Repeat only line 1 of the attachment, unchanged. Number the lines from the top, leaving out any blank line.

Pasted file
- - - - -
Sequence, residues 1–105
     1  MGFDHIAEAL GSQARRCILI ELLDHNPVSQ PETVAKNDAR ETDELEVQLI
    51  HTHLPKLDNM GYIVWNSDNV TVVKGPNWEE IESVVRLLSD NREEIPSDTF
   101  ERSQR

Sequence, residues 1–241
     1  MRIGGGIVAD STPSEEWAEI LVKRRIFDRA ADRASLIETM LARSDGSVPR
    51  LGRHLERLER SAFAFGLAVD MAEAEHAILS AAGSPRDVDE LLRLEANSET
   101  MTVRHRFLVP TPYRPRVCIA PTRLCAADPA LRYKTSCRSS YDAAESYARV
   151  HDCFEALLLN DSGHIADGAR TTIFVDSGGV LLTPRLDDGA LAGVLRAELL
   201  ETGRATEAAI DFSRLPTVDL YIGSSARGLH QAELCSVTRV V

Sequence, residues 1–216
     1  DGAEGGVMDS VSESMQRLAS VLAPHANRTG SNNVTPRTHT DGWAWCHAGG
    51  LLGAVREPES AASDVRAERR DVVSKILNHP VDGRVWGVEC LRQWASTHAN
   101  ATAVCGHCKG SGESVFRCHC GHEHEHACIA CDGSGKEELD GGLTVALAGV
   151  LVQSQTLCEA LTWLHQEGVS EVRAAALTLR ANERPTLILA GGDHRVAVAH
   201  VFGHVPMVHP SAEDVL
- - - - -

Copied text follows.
Sequence, residues 1–105